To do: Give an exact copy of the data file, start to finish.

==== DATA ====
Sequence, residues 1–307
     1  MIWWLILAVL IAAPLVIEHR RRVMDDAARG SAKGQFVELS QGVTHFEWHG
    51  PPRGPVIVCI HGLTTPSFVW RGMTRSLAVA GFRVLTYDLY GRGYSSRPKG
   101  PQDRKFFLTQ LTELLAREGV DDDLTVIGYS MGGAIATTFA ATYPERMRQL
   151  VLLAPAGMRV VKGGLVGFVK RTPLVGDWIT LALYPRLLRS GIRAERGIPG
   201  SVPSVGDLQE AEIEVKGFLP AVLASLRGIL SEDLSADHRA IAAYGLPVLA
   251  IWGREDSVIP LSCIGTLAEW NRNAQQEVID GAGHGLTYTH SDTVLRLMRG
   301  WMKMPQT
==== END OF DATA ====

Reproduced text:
Sequence, residues 1–307
     1  MIWWLILAVL IAAPLVIEHR RRVMDDAARG SAKGQFVELS QGVTHFEWHG
    51  PPRGPVIVCI HGLTTPSFVW RGMTRSLAVA GFRVLTYDLY GRGYSSRPKG
   101  PQDRKFFLTQ LTELLAREGV DDDLTVIGYS MGGAIATTFA ATYPERMRQL
   151  VLLAPAGMRV VKGGLVGFVK RTPLVGDWIT LALYPRLLRS GIRAERGIPG
   201  SVPSVGDLQE AEIEVKGFLP AVLASLRGIL SEDLSADHRA IAAYGLPVLA
   251  IWGREDSVIP LSCIGTLAEW NRNAQQEVID GAGHGLTYTH SDTVLRLMRG
   301  WMKMPQT